|Cost of sales||24,800||38|
In this example revenue is used as the base line item and all other line items are expressed as a percentage of revenue. For example the vertical financial statement analysis for the cost of sales line item is calculated using the formula as follow.
Revenue = 65,000 (base line item) Cost of sales = 24,800 Percentage = Amount / Base line item amount Percentage = 24,800 / 65,000 = 38.2%
In year 2 cost of sales represents 38% of revenue.
The vertical analysis in this example shows that after cost of sales of 38% the gross profit of the business is 62% of revenue which after deducting operating expenses of 37% leaves the business with a net income of 25% of revenue.
By undertaking a similar vertical analysis for additional years the business can spot trends in each line item. For example an analysis for year 1 shows the following.
|Cost of sales||20,000||40|
Clearly the gross profit as a percentage of revenue has improved from year 1 (60%) to year 2 (62%). However, the rise in operating expenses from 30% of revenue to 37% of revenue results in a fall in the net income from 30% down to 25% of revenue.
Similar comparisons can now be made with competitor financial statements and industry averages to identify corrective actions that need to be made.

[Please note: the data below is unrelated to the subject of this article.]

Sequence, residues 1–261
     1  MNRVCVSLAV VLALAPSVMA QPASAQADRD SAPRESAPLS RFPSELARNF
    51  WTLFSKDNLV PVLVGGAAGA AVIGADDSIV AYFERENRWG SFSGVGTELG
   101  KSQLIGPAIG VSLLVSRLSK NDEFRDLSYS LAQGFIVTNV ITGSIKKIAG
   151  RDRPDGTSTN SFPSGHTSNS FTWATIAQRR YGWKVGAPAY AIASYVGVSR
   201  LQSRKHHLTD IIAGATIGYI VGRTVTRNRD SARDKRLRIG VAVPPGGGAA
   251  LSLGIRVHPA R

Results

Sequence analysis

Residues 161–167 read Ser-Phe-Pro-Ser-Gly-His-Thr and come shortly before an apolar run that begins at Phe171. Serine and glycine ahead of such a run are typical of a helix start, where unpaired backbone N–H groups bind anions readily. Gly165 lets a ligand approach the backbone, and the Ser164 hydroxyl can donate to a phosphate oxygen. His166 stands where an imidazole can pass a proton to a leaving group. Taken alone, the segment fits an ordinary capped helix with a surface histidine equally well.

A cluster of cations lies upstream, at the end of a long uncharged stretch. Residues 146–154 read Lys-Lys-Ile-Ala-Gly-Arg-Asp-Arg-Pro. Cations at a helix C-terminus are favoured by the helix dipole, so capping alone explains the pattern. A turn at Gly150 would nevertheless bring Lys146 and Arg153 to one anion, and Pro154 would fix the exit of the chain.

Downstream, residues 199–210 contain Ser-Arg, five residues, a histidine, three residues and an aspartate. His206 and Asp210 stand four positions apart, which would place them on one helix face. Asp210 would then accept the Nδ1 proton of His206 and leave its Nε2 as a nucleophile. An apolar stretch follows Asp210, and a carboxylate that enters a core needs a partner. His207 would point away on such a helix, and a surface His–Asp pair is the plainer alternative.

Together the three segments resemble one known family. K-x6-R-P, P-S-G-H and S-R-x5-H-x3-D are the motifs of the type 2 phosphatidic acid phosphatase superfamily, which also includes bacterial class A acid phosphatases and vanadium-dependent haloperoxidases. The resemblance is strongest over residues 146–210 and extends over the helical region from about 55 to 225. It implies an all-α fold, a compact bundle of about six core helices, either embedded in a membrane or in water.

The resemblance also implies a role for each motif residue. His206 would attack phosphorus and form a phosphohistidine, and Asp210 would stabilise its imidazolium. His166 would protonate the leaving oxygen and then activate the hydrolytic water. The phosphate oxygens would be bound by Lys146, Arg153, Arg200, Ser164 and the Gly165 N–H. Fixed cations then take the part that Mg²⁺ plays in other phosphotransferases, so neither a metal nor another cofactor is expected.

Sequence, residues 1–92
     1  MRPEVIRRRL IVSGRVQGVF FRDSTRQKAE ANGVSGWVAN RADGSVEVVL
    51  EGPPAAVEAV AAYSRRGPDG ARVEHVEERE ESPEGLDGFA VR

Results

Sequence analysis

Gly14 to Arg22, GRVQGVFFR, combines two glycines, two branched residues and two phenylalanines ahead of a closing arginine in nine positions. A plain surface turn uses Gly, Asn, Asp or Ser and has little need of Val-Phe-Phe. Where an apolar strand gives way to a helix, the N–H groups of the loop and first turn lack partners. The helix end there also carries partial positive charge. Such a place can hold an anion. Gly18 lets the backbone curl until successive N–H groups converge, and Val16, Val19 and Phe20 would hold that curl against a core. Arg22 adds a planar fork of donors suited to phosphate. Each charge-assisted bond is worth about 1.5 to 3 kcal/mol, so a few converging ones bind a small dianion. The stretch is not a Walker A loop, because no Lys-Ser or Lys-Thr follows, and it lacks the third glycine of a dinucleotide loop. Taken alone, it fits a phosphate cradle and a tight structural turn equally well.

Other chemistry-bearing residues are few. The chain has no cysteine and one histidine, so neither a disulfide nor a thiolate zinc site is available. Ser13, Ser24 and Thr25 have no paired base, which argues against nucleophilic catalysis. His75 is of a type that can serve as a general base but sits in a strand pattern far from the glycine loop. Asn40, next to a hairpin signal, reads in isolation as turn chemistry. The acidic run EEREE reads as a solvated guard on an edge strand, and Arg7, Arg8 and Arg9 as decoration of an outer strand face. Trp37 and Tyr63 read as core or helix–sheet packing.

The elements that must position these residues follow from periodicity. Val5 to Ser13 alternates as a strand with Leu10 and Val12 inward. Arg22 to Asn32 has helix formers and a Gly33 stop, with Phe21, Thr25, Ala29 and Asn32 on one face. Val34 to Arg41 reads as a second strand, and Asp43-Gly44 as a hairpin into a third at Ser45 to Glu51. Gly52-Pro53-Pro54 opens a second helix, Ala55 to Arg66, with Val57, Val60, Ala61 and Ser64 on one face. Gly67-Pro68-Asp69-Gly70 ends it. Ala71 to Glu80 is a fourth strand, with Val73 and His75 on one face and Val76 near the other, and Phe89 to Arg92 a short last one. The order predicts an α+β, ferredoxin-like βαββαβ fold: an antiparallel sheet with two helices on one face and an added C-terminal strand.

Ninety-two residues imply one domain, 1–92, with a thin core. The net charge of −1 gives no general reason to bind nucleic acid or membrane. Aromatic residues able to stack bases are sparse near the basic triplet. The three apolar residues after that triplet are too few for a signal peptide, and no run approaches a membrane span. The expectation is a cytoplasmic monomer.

In addition information gleaned from the vertical financial statement analysis such as the gross profit margin can now be used to update the financial projections.
Financial Statement Analysis Summary
Financial statement analysis is an important part of the management of a business. Both vertical and horizontal analysis allow a business to spot trends in the numbers and to make common size comparisons to competitor businesses and industry averages. The process gives advance warnings to management that corrective action may be needed and helps identify changes in the important drivers of the business allowing the financial projections to be updated.
About the Author
Chartered accountant Michael Brown is the founder and CEO of Plan Projections. He has worked as an accountant and consultant for more than 25 years and has built financial models for all types of industries. He has been the CFO or controller of both small and medium sized companies and has run small businesses of his own. He has been a manager and an auditor with Deloitte, a big 4 accountancy firm, and holds a BSc from Loughborough University.